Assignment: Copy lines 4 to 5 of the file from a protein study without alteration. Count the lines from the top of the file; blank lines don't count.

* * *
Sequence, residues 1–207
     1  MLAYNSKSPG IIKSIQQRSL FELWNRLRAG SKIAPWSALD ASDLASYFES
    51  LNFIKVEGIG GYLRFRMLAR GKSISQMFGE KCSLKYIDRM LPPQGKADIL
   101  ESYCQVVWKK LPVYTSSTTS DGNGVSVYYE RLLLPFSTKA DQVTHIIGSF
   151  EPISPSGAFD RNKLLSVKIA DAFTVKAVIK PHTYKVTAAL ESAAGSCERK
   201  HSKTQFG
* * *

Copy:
   101  ESYCQVVWKK LPVYTSSTTS DGNGVSVYYE RLLLPFSTKA DQVTHIIGSF
   151  EPISPSGAFD RNKLLSVKIA DAFTVKAVIK PHTYKVTAAL ESAAGSCERK